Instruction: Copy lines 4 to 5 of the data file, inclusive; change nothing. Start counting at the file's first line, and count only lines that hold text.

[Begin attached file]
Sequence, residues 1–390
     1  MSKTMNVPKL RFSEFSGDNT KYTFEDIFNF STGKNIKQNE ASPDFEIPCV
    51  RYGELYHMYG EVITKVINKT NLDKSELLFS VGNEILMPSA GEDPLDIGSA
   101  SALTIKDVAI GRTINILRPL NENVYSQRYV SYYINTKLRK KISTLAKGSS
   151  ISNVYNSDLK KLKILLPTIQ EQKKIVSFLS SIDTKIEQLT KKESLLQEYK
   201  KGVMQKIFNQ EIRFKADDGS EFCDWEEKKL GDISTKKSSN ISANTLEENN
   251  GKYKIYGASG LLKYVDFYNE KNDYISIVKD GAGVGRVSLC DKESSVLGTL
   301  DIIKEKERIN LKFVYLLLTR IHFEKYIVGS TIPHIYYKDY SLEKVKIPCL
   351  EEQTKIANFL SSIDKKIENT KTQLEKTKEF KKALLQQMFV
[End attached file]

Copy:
   101  SALTIKDVAI GRTINILRPL NENVYSQRYV SYYINTKLRK KISTLAKGSS
   151  ISNVYNSDLK KLKILLPTIQ EQKKIVSFLS SIDTKIEQLT KKESLLQEYK